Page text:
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Extreme games

"Extreme games" Continued...

Issue: "John Roberts: Bush's pick," July 30, 2005

He visited Western efforts that turned poor but struggling Africans into panhandlers, and left the efforts themselves dependent on constant fundraising: "The organizations bought cheap land rather than good farmland and then spent their money on good housing and good cars." As his fourfold vision-an AIDS orphanage that is "African, simple, pragmatic, and replicable"-took shape, he took out an $85,000 second mortgage, sold a boat and tools, and had $140,000 to put into an African start-up.

He traveled to South Africa repeatedly, scouting out communities for orphanages and looking into productive farms that, after a one-time purchase, would allow Agathos efforts to be self-sustaining. He saw the importance of building relationships in the villages where he would locate, and-as a person who had been away from Africa for nearly three decades-looked to some Westerners with more recent experience.

The person he chose to be the "village coordinator" for his pilot project in Loskop had his own wounds to heal. John David Borgman, a vigorous 63-year-old who wears a neat ponytail, grew up the son of a church elder in Connecticut and graduated from Wheaton in 1964. (His best-known classmate: Speaker of the House Denny Hastert.) Mr. Borgman joined the Marines, went to Vietnam in 1967, and flew 181 missions in a single-seat fighter that carried bombs, rockets, and machine guns.

Later he called in air strikes and gained a ground-level view of war as hell: "I was part of devastation and destruction. I felt like I was losing my soul." He lived in the United States for a while, then volunteered for 10 years in Tanzania while his wife (born in the Ivory Coast) taught school there. He adopted not only a different hemisphere but a different part of his name: "I grew up being called David, but the military called me John. When I came to Africa I let the Borgman part of the name drop off." He now goes by J.D.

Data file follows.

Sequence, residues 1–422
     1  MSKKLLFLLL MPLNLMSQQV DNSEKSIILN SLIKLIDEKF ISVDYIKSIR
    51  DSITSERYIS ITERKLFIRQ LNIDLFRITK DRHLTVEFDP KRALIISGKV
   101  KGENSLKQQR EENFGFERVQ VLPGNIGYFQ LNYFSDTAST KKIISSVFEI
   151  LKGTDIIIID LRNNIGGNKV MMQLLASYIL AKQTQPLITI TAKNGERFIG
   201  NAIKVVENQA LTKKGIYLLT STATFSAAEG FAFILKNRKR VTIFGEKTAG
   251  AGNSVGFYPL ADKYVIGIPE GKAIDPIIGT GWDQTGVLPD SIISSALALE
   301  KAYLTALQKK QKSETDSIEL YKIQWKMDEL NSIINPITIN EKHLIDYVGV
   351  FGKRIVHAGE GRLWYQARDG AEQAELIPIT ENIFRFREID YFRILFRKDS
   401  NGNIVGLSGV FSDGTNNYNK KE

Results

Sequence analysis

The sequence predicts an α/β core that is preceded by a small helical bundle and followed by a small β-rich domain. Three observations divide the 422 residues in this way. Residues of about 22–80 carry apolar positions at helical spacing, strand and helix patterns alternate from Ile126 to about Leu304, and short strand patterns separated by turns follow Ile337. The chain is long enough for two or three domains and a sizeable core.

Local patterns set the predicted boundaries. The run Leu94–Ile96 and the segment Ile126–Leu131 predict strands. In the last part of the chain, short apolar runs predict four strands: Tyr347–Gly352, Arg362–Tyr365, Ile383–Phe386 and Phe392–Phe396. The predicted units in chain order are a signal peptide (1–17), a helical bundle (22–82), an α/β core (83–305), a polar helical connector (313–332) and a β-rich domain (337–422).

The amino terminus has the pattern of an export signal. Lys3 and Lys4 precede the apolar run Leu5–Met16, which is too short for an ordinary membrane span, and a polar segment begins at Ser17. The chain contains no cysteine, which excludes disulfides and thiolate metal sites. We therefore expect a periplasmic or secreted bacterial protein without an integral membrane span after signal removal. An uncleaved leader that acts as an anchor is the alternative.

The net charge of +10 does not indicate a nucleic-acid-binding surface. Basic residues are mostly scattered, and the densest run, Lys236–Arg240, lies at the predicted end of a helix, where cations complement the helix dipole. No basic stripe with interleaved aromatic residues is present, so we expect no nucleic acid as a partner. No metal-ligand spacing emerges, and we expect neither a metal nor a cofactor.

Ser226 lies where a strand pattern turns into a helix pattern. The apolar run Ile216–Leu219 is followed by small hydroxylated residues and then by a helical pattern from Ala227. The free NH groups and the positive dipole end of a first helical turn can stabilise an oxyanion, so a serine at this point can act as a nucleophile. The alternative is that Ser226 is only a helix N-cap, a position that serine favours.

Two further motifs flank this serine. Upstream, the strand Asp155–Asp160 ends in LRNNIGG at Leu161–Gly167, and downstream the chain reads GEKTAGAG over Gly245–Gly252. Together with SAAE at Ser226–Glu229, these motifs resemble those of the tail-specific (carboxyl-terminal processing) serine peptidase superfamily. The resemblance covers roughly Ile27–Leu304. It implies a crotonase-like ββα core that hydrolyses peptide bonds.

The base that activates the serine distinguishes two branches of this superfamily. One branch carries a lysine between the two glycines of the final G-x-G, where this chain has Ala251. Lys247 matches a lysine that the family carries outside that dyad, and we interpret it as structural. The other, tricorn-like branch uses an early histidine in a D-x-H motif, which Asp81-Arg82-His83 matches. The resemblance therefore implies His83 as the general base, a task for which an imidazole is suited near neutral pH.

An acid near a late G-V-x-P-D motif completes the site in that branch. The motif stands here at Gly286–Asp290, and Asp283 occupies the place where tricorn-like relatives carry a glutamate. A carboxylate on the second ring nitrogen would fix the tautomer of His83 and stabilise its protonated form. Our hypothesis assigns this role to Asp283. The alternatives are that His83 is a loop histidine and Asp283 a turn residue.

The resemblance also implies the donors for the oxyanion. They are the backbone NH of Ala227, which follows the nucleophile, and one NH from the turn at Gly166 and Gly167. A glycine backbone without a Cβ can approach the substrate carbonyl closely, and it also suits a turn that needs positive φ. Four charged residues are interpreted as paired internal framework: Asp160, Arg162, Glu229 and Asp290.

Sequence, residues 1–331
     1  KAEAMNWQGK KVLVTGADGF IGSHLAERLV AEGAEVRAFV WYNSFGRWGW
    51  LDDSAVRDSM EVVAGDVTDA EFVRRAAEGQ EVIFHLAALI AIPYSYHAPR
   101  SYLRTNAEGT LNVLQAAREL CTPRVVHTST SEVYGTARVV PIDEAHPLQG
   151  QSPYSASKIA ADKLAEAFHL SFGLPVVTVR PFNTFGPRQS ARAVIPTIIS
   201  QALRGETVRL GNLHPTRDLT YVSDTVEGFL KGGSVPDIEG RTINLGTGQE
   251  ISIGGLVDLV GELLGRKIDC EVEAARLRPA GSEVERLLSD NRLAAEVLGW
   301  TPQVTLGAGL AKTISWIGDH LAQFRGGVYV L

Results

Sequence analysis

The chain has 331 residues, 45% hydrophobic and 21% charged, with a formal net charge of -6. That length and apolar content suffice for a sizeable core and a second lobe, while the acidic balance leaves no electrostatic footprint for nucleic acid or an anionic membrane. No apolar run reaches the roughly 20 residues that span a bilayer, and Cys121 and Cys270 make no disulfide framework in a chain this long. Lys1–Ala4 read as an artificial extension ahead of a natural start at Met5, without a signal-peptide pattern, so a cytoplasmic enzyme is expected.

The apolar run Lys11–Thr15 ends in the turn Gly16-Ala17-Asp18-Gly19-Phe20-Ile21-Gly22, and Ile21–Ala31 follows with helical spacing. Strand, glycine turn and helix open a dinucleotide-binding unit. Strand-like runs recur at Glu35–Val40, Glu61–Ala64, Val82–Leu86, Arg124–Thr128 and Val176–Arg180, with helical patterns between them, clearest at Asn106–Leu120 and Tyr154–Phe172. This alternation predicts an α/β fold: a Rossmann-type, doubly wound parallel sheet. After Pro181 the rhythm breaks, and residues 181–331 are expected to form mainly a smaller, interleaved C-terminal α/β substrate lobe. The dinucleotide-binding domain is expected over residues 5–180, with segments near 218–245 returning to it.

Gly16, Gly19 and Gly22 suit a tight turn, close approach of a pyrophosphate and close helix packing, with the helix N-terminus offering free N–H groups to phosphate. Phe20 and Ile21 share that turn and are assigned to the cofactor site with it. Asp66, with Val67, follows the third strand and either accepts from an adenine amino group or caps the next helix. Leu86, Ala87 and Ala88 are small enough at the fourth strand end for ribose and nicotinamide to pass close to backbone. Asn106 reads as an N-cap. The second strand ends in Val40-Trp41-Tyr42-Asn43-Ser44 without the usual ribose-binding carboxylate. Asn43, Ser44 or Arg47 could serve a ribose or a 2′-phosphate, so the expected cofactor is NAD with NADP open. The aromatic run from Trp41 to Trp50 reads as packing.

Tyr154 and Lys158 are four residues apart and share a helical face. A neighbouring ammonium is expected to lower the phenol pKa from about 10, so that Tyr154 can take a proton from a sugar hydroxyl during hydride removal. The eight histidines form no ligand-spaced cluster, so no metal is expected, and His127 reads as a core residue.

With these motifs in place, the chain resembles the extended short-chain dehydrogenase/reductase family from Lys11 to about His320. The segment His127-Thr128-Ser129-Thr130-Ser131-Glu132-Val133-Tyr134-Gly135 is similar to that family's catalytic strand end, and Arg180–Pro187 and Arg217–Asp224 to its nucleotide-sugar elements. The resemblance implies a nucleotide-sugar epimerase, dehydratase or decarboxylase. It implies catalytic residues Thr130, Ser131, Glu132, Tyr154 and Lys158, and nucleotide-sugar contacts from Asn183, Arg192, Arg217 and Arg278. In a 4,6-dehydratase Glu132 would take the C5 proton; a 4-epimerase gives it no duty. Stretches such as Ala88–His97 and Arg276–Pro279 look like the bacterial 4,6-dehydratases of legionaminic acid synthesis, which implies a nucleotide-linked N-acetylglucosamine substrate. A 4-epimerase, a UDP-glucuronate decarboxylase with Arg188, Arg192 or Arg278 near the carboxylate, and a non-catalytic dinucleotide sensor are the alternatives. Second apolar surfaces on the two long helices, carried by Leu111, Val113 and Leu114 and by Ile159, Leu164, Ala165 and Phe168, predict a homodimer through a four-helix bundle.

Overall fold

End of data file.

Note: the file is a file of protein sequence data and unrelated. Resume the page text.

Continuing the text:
Six years ago he purchased for $80,000 and moved to a beautiful 150-acre ranch just down the road from Loskop. One morning last month, as he drove milk from his eight goats to a woman who takes care of 25 children, he spoke of how "Africa's been good for me. It's helped me to let go of a critical spirit, a lot of pride-like mainstream Christianity." He criticizes "American individualism" and says, "Here, the community is important. The community is my family-that's what giving up my last name signified."

As a visionary CEO, Rob Smith also recognized that he needed someone to create order-a chief operating officer. Volunteering for the role for six months is Scott Brinkerhoff, 51, who graduated from Houghton College nearly three decades ago and spent the next 28 years teaching and coaching at a Christian school. He resigned last year. His first wife (and the mother of his two sons, both now involved in missionary and international development work) died 14 years ago. Like Mr. Smith and Mr. Borgman, Mr. Brinkerhoff was following Christ in working at Loskop and also trying anew to pioneer a vision for the church and himself.

Bold, sometimes-wounded healers in frontier conditions are playing a role in the Agathos plan to develop more homes for orphans that are culturally African. Mr. Smith noted that some programs try to Westernize children, but his goal is to have the children live as Zulus-with some Western improvements, since "a flush toilet is better than a pit toilet." He said his objective is not to instill Western culture but Christian culture, which includes a sense of law and a willingness to work.

That's an ambitious goal, and to move it along Mr. Smith is looking for income-generating businesses that can prevent the further growth of "a welfare mentality throughout Africa . . . people always looking for handouts from Europeans and Americans." He notes that a coffin-making company is likely to have lots of sales over the next 10 years. Children at the orphanage have chores that require effort but offer rewards: In the afternoon they put on rubber gloves to pick up garbage, with the incentive of being able to blow up those gloves into balloons when work is done.

Mr. Smith is also concerned about bicycle chains. He started out having two bikes held in common by the 32 children currently on site, but from now on will give them, and lesser toys, to particular children: Property unowned is soon property broken or lost, since no one has much personal stake in maintaining it. Loskop itself is providing further evidence of ownership's importance: A close-by, government-provided community center now has broken windows and is rarely used.

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